See how Ben Eater reverse engineered an ’80s TV-censoring device
Back in the 1980s, there existed a piece of hardware called the “TVGuardian,” which would attempt to censor incoming video in real-time. As recently covered by the wonderful YouTube channel Technology Connections, the TVGuardian reads captioning data as it’s sent and then replaces the bad word(s) with an alternative phrase and also mutes the audio.
Upon learning that the internal dictionary of offensive words is not listed anywhere in the manual, Ben Eater had the idea to extract it himself. After a quick teardown, he discovered a single 93LC86 EEPROM chip functioning in 8-bit mode for a total of 2,048 8-bit words. He then connected an Arduino Uno to the EEPROM’s SPI bus and read 16-byte chunks before dumping the contents to the serial monitor for further investigation.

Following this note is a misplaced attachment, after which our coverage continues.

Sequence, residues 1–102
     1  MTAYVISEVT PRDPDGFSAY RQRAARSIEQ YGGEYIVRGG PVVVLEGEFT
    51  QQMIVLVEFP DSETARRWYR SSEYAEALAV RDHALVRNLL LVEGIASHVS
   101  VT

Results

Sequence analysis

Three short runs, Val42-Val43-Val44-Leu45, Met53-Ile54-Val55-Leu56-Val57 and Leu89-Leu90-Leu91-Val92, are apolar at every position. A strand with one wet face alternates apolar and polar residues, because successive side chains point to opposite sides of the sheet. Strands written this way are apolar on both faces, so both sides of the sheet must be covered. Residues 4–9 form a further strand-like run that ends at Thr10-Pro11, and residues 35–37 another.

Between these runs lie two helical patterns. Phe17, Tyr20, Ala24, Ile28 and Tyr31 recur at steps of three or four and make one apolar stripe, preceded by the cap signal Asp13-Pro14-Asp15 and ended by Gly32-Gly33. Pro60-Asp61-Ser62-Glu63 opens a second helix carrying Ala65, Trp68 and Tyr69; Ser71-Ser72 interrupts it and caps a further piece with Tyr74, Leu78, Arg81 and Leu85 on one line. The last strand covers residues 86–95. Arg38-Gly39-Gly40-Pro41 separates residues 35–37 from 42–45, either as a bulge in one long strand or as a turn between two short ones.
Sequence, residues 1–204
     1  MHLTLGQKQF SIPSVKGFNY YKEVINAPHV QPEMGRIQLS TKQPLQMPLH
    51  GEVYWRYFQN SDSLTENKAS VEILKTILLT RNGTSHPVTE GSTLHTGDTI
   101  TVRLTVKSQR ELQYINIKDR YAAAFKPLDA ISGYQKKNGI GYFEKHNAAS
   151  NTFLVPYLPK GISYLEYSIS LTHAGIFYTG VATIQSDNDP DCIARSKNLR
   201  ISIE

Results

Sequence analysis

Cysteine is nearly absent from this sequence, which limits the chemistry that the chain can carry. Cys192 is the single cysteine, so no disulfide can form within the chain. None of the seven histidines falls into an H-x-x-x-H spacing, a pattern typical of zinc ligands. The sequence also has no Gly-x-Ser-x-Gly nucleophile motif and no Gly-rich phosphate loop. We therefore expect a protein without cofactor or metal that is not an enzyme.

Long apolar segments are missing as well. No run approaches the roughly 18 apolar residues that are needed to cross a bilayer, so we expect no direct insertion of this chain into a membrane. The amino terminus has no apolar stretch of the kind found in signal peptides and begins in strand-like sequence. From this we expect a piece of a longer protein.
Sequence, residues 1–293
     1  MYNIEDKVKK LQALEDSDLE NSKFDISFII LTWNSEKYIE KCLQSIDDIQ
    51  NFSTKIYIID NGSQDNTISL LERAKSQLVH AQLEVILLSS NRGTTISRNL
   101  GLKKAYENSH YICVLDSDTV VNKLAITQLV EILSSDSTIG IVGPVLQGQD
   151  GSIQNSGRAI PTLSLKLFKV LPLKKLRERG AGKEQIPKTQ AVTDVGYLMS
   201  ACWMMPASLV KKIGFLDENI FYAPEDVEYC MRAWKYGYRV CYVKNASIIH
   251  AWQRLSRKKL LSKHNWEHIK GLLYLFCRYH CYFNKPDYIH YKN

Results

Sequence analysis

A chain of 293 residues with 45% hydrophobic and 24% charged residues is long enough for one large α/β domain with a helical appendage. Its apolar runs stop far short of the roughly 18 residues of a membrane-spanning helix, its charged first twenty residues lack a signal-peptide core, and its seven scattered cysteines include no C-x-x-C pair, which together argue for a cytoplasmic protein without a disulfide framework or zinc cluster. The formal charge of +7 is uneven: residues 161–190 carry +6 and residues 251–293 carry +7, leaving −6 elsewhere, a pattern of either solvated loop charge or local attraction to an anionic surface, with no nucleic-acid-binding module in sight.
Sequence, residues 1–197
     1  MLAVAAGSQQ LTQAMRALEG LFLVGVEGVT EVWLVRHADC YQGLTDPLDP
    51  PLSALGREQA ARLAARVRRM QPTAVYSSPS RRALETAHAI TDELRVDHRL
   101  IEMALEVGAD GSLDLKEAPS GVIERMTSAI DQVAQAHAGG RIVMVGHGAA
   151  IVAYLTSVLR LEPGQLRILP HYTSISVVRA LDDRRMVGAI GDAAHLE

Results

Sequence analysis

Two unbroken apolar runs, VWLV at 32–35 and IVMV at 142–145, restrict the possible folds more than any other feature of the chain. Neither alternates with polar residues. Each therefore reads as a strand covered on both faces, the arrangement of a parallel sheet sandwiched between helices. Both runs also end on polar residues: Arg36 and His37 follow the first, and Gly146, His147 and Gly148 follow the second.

One of the most interesting findings that Eater discovered was how the words were encoded in blocks of 256 bytes separated by a long string of null characters. Every bad word is an array of bytes for the ASCII characters themselves along with a terminating character and an extra byte at the end, whereas the replacement words are listed as simple character arrays indexed elsewhere. The final byte of each censored word contains flag bits that denote if the word is whitelisted, allowed in non-strict mode, and which G-rated word should replace it. To see this analysis in more detail, check out Eater’s video below!